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Unformatted text preview: or this prohibition was that the word 'ra`ina', being a homonym, had two meanings, one of which was 'please look at us or attend to us', while with a slight twist the same word would mean 'our shepherd'. The Jews used to insult the Prophet with it, and in order to block the means to such abuse, the Muslims were forbidden from using that form of address to the Prophet despite their good intentions and the fact that the word under discussion was not inherently abusive. [4. Cf. Abu Zahrah, Usul, p.228; Isma'il, Adillah, p 197.] Authority is also found for the principle of sadd al-dhara'i' in the Sunnah, especially the ruling in which the Prophet forbade a creditor from taking a gift from his debtor lest it became a means to usury and the gift a substitute to riba. The Prophet also forbade the killing of hypocrites (al-munafiqun) and people who were known to have betrayed the Muslim community during battles. It was feared that killing such people would become a means to evil, namely, of giving rise to a rumour that 'Muhammad kills his own Companions' [5. Shatibi, Muwafaqat, IV, 62; Shatibi, Fiqh, p. 187.] which would, in turn, provide the enemy with an excuse to undermine the unity of the Muslim community. Consequently the Prophet put a ban on killing the munafiqun. On a similar note, the Prophet suspended enforcement of the hadd penalty for theft during battles so as to avoid defection to enemy forces. It was for this reason, namely to block the means to an evil, that the army commanders were ordered not to enforce tire prescribed penalties during military engagements. [6. Abu Zahrah, Usul, p. 229; Shalabi, Fiqh, p.187; Isma'il, Adillah, p. 200.] The leading Companions are also known to have entitled to inheritance the divorced woman whom her husband had irrevocably divorced during his death illness in order to exclude her from inheritance. This was forbidden by the Companions so that a divorce of this kind would not become a means to abuse. It is also reported that during the time of the caliph Umar b. al-Khattab, one of his officials, Hudhayfah, married a Jewish women in al-Mada'in. The caliph wrote to him saying that he should divorce her. Hudhayfah then asked the caliph if the marriage was unlawful. To this the Caliph replied that it was not, but that his example might be followed by others who might be lured by the beauty of the women of ahl al-dhimmah. The caliph thus forbade something which the Qur'an had declared lawful so as to block the means to an evil as he perceived it at the time. It might be interesting to add here that Ibn Qayyim al- Principles of Islamic Jurisprudence ~ Kamali 271 Jawziyyah records at least seventy-seven instances and rulings of the learned Companions and the subsequent generations of ulema in which they resorted to sadd al-dhara'i `so as to block the means that led to evil. [7. Ibn Qayyim al-Jawziyyah, I`lam, III, 122ff; Shalabi, Fiqh, p.188.] The ulema are, however, in disagreement over the validity of sadd al-dhara'i`. The Hanafi and Shafi'i jurists do not recognise it as a principle of jurisprudence in its own right,...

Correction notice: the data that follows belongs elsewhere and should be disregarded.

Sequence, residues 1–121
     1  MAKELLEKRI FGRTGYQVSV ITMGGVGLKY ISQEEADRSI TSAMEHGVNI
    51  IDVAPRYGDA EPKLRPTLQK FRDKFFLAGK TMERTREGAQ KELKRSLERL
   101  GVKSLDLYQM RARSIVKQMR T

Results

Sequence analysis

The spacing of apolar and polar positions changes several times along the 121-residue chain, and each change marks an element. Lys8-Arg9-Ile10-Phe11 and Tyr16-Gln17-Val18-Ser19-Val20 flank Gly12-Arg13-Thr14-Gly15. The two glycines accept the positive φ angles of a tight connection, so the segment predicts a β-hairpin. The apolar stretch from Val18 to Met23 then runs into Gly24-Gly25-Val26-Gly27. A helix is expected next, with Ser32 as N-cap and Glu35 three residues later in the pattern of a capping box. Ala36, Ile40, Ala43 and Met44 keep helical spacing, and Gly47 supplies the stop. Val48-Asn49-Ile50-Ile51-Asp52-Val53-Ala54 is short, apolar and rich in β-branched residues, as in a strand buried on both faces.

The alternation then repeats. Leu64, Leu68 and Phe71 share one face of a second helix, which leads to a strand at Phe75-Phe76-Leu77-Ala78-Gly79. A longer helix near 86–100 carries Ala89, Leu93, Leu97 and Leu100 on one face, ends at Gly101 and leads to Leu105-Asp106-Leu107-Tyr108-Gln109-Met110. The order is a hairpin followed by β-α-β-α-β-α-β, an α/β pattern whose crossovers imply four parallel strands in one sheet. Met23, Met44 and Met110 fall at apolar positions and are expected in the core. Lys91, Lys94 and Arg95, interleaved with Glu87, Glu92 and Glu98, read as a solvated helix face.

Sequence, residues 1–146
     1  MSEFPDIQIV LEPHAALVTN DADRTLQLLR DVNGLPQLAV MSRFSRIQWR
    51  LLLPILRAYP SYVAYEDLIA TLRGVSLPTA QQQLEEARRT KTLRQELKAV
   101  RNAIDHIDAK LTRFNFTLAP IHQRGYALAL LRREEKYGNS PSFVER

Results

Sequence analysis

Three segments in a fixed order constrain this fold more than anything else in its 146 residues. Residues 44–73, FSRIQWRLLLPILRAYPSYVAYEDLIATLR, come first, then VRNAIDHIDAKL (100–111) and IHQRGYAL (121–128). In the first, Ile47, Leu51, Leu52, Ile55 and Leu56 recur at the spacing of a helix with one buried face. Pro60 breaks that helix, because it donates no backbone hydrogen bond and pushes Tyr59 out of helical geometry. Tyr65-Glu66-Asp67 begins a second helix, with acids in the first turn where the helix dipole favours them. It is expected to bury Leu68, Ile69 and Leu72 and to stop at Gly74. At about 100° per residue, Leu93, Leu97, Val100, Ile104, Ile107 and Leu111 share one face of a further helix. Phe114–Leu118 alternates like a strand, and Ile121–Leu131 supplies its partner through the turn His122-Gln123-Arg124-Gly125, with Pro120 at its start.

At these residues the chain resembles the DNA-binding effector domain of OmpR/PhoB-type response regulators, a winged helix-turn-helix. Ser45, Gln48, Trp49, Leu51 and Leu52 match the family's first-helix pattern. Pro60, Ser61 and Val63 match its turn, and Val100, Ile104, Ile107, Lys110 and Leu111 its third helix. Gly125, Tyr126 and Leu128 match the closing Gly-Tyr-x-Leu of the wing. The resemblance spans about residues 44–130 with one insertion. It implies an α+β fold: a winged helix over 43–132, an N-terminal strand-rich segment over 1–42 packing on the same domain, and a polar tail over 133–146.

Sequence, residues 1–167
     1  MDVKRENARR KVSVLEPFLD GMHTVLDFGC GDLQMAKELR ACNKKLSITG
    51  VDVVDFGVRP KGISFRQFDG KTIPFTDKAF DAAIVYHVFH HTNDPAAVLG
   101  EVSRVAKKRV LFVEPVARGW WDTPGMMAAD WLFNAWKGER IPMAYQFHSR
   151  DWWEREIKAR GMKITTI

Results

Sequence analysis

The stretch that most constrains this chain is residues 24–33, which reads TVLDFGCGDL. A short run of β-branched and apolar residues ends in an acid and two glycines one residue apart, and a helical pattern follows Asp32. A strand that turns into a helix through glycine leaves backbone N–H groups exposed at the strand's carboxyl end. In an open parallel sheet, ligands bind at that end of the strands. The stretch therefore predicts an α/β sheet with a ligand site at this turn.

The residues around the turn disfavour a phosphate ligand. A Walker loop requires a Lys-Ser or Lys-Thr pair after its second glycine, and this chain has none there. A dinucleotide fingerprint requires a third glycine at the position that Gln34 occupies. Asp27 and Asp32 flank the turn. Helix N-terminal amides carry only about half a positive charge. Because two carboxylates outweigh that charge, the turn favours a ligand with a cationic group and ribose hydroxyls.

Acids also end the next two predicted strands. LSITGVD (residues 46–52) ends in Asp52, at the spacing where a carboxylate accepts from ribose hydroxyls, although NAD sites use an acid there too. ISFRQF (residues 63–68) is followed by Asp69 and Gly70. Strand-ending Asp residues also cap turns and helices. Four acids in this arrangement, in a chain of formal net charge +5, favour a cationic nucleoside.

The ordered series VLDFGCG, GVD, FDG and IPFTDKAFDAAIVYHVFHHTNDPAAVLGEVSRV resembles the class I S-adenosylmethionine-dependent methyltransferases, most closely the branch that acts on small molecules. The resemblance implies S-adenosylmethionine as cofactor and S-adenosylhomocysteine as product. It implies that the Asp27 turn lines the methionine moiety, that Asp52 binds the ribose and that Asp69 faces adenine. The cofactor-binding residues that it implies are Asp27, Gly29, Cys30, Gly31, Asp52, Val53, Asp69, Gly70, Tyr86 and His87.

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This note was uploaded on 04/13/2013 for the course ISLAM 101 taught by Professor Islam during the Spring '13 term at Harvey Mudd College.
- Spring '13